Astrophysics
  • Astrophysics
@ganeshie8
Mathematics
  • Stacey Warren - Expert brainly.com
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SOLVED
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katieb
  • katieb
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Astrophysics
  • Astrophysics
How do you find f(x) for a second order dif equation to make it exact, I have the equation \[y''+xy'+y=0\]
Astrophysics
  • Astrophysics
I know if you have the form \[P(x)y''+Q(x)y'+R(x)y=0 \] then the exact equation can be written in the form \[[P(x)y']y'+[f(x)y]'=0\]
Astrophysics
  • Astrophysics
Hmm, I think I can just multiply by an integrating factor

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Astrophysics
  • Astrophysics
In this case it's \[\huge e^{\int\limits Q(x)dx}\] right since it's second order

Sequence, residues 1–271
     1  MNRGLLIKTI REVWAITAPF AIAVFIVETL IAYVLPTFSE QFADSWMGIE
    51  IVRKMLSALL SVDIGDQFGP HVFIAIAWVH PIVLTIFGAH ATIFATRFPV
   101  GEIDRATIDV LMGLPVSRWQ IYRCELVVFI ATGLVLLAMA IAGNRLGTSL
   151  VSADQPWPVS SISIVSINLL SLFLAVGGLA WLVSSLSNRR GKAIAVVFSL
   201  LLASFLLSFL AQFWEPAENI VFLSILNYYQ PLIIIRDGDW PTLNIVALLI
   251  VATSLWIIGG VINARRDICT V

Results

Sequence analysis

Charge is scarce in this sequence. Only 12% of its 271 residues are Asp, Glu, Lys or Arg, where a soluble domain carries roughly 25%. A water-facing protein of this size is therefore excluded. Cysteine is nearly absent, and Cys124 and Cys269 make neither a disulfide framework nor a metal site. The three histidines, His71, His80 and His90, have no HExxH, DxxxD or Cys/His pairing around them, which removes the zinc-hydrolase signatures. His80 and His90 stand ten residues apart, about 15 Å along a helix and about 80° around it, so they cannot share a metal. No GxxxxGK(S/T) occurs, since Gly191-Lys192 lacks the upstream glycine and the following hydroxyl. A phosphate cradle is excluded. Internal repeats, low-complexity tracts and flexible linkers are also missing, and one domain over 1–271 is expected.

Astrophysics
  • Astrophysics
Haha, nope that's not how it works, I definitely to make it first order
Astrophysics
  • Astrophysics
oooh wait...do I see a product rule
IrishBoy123
  • IrishBoy123
yeah! \(y''+xy'+y=0\) \(y''+(xy)^{\prime}=0\) \(y' + xy = C\) then integrating factor which is \(\exp (\int x \, dx) = e^{{x^2 \over 2}}\) so \((y \cdot e^{x^2 \over 2})^{\prime} = C\cdot e^{x^2 \over 2}\) \(y \cdot e^{x^2 \over 2} = C \int \, e^{x^2 \over 2} \, dx\) from wiki: \(\text{... there is no elementary indefinite integral for } \int e^{-x^2}\,dx,\)
Astrophysics
  • Astrophysics
\[(xy)' = xy'+y\]
Astrophysics
  • Astrophysics
Haha yes! I just figured it out
Astrophysics
  • Astrophysics
Thanks @IrishBoy123
Astrophysics
  • Astrophysics
Well this is neat xD

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